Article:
Whidbey Island, the center of Malus fusca’s native range, and will be supported by a robust 
    educational program that includes an ongoing project blog on our farm website, the development of a 
    conference poster and workshop session, and a bulletin summarizing project results distributed in 
    partnership with Washington State University Extension. These outreach resources will be promoted 
    through farm and apple industry media.
    This project is led by farmer and ecologist Eric Lee-Mäder. Eric holds a masters degree from the 
    University of Minnesota Department of
    Horticulture where he studied commercial fruit production and tree nursery management. His 
    professional background includes previous work as a beekeeper, an Extension educator, and crop 
    consultant to the native plant nursery industry. He currently co-directs the Xerces Society’s 
    Pollinator Conservation Program ( where he works with farmers, companies, and 
    government agencies to enhance biodiversity in agricultural lands. Eric is the author of several 
    books including the best-selling Attracting Native Pollinators, and Farming with Beneficial 
    Insects. Through his current position at Xerces, Eric has collaborated on multiple highly 
    successful SARE projects in all four SARE regions, impacting tens-of-thousands of acres and 
    reaching thousands of farmers and agency professionals.
    This project is supported by technical advisor Dr. Carol Miles of Washington State University. Dr. 
    Miles currently leads research and extension in cider apple production in Western Washington, 
    including orchard establishment economics, apple variety trials, and cider quality evaluation. 
    Along with grafting and horticulture-related technical support, Dr. Miles will assist with the 
    dissemination of project findings.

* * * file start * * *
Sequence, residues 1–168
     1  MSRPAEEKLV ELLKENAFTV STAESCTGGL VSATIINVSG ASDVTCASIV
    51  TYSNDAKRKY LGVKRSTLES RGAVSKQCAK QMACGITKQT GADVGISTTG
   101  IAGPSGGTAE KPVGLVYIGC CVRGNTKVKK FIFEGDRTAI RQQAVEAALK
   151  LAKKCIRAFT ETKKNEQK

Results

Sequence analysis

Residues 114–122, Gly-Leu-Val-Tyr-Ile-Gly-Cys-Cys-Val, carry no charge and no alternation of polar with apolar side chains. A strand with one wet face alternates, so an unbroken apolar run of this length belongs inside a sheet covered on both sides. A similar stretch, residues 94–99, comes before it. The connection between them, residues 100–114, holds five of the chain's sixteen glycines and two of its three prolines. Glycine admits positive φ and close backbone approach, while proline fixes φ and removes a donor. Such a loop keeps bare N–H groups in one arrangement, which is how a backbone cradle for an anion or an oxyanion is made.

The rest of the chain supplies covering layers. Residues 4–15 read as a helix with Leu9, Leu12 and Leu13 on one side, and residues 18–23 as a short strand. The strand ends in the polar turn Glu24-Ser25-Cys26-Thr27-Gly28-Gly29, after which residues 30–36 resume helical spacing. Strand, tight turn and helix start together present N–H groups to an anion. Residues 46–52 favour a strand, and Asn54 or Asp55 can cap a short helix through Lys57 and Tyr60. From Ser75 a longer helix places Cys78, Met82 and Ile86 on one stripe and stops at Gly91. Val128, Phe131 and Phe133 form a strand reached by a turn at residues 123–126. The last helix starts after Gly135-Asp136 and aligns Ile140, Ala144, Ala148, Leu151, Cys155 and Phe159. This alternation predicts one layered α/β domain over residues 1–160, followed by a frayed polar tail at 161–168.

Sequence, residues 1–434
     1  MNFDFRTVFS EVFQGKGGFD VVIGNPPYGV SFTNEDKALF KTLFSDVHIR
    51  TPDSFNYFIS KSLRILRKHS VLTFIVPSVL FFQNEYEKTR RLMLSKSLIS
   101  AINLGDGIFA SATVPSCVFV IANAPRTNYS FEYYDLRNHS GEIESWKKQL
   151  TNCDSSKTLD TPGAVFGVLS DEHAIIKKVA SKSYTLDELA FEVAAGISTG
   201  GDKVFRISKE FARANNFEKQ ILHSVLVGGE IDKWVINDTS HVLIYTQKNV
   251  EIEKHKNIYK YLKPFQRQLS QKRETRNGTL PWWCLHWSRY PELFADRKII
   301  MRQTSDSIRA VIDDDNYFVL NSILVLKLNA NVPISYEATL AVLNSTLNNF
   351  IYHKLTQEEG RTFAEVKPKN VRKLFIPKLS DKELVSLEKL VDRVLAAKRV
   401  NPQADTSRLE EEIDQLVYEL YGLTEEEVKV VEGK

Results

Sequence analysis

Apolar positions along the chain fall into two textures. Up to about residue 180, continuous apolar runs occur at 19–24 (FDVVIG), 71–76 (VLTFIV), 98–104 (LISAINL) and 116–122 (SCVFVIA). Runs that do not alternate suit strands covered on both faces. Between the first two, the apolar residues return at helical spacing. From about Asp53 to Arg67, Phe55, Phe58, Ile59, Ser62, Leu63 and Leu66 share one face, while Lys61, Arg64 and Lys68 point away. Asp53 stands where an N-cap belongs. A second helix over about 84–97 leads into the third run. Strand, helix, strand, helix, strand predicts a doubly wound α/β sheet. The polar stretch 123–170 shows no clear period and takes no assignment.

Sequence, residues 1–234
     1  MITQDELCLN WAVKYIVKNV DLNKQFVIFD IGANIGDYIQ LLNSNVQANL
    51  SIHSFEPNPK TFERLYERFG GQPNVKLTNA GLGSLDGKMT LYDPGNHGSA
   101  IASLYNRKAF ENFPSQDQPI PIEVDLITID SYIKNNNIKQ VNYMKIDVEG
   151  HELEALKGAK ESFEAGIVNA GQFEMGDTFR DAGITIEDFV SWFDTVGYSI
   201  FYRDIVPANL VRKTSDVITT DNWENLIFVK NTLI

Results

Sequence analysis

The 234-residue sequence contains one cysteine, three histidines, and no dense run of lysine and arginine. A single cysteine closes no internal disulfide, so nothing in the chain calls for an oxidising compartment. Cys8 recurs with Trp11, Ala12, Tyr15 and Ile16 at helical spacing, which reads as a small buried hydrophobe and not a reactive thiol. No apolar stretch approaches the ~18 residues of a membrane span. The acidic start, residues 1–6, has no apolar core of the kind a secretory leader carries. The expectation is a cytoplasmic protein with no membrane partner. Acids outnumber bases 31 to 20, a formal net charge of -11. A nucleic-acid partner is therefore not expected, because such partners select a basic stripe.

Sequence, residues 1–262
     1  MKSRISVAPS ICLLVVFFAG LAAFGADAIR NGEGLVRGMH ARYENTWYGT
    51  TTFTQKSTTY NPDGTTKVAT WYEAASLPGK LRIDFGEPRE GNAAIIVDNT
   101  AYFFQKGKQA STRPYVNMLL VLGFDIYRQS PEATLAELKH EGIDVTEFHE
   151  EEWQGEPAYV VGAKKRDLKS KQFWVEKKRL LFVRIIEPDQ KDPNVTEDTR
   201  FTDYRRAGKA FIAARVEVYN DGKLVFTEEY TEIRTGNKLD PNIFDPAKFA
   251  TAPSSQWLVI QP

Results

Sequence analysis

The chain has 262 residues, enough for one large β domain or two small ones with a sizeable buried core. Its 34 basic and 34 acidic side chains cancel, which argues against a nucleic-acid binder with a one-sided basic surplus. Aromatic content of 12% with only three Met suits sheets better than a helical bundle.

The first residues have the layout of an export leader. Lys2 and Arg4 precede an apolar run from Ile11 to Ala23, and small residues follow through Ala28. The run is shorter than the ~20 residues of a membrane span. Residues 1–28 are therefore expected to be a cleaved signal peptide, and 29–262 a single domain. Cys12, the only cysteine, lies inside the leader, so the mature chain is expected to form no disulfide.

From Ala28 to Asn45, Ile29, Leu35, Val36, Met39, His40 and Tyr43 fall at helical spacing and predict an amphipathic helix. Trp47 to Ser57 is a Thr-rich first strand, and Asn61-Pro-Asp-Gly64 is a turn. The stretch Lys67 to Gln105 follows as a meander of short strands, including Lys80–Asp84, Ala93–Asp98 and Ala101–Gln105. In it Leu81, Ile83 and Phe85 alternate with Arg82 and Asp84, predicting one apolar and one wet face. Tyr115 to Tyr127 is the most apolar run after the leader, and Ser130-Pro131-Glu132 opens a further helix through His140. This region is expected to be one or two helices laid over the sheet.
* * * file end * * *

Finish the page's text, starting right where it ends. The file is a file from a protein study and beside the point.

Project objectives from proposal:

    Activities for this project include:
    Year 1.
    1. January – December 2017: Launch a project blog on our farm website and perform regular updates
    ( To develop a blog audience we will create a press release for distribution to farm and apple
    industry media. Additionally we will conduct a survey via the blog to capture basic audience information and interests.
    2. January – February 2017: Pre-order bare root Malus fusca seedlings from supplier native plant nurseries.
    3. February – September 2017: Prepare the research plot, including a) removal of two dead trees, b) mowing and herbicide treatments
    to remove weedy vegetation, c) re-seeding with a permanent orchard cover crop (e.g. meadow barley and other site-adapted native
    grasses), and d) clean-up the old field road to the research site.
    4. June – August 2017: Protect the research plot by installing deer fencing prior to planting.
    Year 2.
    1. January – February 2018: Collect scion wood from apple industry contacts, commercial sources, and research station orchards. Note
    that we will test at least 40 scion varieties (10 replicates of each) with an emphasis on varieties in high demand by Seattle and
    Portland markets. These include cider varieties such as Wickson, Dabinett, Bedan, Binet Rouge, and Amere de Berthencourt, as well
    as heirloom table apples, such as Spitzenberg and Ashmead’s Kernel (based upon scion wood availability).
    2. March – April 2018: Conduct bench grafting and planting of seedlings.
    3. April – September 2018: Manage trees for establishment success, including the installation of rodent-guards.
    4. May – October 2018: Perform monthly evaluations of grafting success, recording percent success by variety.
    5. January – December 2018: Post regular blog updates, and conduct a second annual blog survey to assess audience engagement.
    Year 3.
    1. April – October 2019: Perform monthly evaluations of grafting success, recording results by variety.
    2. January – December 2019: Post regular blog updates. Additionally we will post a project summary at the end of the year, along with
    a final survey to capture producer adoption and interest.
    3. November – December 2019: Develop a poster, workshop abstract, and bulletin documenting the compatibility of various scion
    varieties. The first of these two products will be submitted as conference proposals at major West Coast farm conferences including
    the 2019 Washington Tilth Alliance conference, Oregon’s Organicology and California’s EcoFarm conference. The bulletin will be
    available as a free download on our website and distributed at conferences. Additionally, the bulletin and findings will be promoted
    through a press release to farm and apple industry media.
    Beyond the end of SARE funding, we will continue to assess additional traits of
    Malus fusca as a rootstock, including suckering, graft union strength, and growth
    rates. Those results will continue to be publicly shared.
    Any opinions, findings, conclusions, or recommendations expressed in this publication are those of the author(s) and do not necessarily reflect the view of the U.S. Department of Agriculture or SARE.